A formal distinction has recently been made in the internationally oriented patent literature between “Mode One” patenting (domestic patenting), “Mode Two” patenting (inward-bound international patenting), and “Mode Three” patenting (outward-bound international patenting) (see Willoughby 2018). The nascent literature on Mode Three patenting (e.g., Arora and Gambardella 1994; Licht and Zoz 1998; Yang and Kuo 2008; Archontakis and Varsakelis 2011) is concerned largely with identifying the factors that cause variations in the level of outward-bound international patenting between countries and companies. Willoughby’s research (2018), in contrast, investigates the economic effects of variations in levels of outward-bound international patenting between nations, and has demonstrated that: Mode Three patenting now accounts for more than half of all patenting worldwide, and that countries whose residents exhibit a relatively high proclivity for obtaining foreign patent protection for locally generated inventions are likely to enjoy relatively high levels of wealth per person.
This paper explores the differences between emerging countries, wealthy countries, and poor countries in the changes over time in their relative levels of domestic patenting and outward-bound international patenting. It also explores differences between countries in the relationship between outward-bound international patenting and international trade in innovation-intensive products and services.
How do the absolute and relative levels of outward-bound international patenting vary between emerging countries and other countries?
How have those differences changed over time?
What is the relationship between outward-bound international patenting, innovation and international trade, and how does this relationship vary between emerging countries and other countries?
The methodology consists primarily of exploratory quantitative empirical research. To address the research questions, data on domestic patent applications by home-country residents and foreign patent applications by home-country residents were obtained for a sample of 78 countries over 14 years. These data were transformed in to a measure of Mode Three patenting using an index designed to enable meaningful comparison of the outward-bound international patenting behavior of countries that may be dissimilar in size, wealth, technological capabilities, economic openness, or their domestic IP regimes. The index for each country was then compared with appropriate economic and trade data.
To address the research questions, data on domestic patent applications by home-country residents and foreign patent applications by home-country residents were obtained from the IP Statistics Data Center of the World Intellectual Property Organization (WIPO), covering 14 years from 2000 onwards, for all countries for which reliable data were available. Data of sufficient quality and reliability for the analysis were found for 78 countries. Economic and demographic data for the same set of countries for the same years were obtained the World Bank’s World Bank Open Data online information service. Data on high technology exports, revenue from international licensing or sale of IP rights, and net outflows of foreign direct investment, were obtained from the World Trade Organization and other sources, accessible through the published data sets of the Global Innovation Index (2018).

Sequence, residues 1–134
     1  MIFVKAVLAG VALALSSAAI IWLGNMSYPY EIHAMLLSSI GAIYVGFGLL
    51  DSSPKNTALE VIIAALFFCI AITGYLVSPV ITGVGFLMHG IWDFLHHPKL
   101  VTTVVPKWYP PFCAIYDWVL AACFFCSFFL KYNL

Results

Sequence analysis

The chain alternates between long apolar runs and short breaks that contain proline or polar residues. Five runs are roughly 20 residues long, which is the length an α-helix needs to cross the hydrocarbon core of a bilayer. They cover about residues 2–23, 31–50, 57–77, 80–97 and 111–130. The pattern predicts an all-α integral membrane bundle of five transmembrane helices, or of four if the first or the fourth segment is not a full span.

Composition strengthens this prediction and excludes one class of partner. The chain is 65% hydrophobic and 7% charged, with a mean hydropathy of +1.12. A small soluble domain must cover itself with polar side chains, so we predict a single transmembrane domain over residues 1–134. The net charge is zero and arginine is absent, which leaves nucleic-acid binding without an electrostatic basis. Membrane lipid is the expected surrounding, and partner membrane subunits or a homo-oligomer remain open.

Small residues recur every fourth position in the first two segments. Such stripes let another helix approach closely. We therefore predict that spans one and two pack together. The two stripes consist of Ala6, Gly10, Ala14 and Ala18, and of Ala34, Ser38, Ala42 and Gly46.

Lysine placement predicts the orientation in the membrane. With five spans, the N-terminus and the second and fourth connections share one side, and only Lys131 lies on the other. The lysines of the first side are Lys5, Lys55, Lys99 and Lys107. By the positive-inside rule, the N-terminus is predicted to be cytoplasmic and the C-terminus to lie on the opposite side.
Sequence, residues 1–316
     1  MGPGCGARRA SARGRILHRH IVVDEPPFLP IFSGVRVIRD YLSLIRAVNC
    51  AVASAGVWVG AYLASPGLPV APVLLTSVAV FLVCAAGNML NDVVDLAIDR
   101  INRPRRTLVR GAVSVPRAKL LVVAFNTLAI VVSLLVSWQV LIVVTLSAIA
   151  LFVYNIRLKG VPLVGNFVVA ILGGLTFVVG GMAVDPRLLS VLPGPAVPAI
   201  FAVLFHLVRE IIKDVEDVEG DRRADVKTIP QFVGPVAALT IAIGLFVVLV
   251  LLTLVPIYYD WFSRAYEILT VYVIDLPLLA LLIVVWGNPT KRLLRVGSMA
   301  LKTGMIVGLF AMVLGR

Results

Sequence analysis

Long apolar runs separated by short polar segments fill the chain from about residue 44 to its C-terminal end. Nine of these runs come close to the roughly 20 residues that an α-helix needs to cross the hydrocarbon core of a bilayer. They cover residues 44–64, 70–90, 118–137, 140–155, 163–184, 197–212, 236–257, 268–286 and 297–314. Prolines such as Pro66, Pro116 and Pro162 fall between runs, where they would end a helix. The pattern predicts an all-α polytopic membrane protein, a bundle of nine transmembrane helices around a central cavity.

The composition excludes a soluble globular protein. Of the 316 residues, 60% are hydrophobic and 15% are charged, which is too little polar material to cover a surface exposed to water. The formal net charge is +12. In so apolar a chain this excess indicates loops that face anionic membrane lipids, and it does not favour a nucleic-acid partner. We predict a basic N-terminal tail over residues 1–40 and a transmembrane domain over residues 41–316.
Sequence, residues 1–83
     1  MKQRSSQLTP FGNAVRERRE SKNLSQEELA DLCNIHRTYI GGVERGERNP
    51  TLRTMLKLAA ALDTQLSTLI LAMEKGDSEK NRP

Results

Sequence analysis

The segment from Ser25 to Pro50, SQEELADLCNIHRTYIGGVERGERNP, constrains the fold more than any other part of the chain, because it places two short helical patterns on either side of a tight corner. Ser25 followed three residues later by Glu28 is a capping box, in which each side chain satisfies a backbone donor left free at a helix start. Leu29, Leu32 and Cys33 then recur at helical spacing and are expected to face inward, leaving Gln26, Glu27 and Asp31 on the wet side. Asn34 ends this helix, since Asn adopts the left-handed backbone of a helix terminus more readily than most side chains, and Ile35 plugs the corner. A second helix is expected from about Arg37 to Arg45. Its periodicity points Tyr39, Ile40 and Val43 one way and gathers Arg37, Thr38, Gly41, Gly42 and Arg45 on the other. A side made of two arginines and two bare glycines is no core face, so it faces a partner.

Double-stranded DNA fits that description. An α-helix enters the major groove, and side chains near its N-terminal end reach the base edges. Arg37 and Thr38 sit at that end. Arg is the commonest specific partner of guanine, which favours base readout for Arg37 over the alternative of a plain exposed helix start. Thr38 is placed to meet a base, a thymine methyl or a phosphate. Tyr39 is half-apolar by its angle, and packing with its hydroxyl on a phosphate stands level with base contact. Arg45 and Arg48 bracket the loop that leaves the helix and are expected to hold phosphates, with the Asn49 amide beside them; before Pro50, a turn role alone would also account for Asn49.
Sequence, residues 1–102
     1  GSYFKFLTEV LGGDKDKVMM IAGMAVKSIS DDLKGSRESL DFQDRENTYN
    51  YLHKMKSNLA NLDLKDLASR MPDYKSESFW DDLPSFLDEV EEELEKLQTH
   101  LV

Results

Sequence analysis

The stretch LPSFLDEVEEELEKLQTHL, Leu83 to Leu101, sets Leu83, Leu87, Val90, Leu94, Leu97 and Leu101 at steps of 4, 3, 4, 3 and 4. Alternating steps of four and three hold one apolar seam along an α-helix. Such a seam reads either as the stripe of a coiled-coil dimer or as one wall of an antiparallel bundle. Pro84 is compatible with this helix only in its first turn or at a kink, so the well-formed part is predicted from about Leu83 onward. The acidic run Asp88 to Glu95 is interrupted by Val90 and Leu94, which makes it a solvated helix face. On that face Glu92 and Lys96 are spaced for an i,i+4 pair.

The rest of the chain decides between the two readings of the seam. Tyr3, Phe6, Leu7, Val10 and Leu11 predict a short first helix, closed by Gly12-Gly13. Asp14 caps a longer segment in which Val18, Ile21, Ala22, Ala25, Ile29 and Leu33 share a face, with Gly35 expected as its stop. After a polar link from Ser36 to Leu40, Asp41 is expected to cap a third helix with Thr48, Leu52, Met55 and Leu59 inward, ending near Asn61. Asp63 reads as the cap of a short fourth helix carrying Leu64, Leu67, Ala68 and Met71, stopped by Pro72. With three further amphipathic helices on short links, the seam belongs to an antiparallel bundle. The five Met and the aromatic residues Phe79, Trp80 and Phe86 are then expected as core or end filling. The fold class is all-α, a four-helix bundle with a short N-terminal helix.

There appears to be a positive relationship between the relative level of a country’s relative level of outward-bound international patenting and its performance in innovation-intensive international trade.
The group of countries labelled here as “emerging” countries — i.e., the mid-tier or “developing countries” — in general exhibit a different profile to both the wealthy (developed) countries and poor (less developed) countries. A significant proportion of the emerging countries have gone through a noticeable transition during the last two decades represented by a big growth in Mode Three patenting, a substantial increase in innovation-intensive export-oriented international trade, and a significant boost to national economic development.
Contribution to Scholarship
This paper builds on the recent trend in scholarship related to technological innovation, international trade, international patenting and national economic development, by augmenting our current knowledge about the relative importance of the three basic modes of patenting to trade and economic development of emerging countries.
Contribution to Practice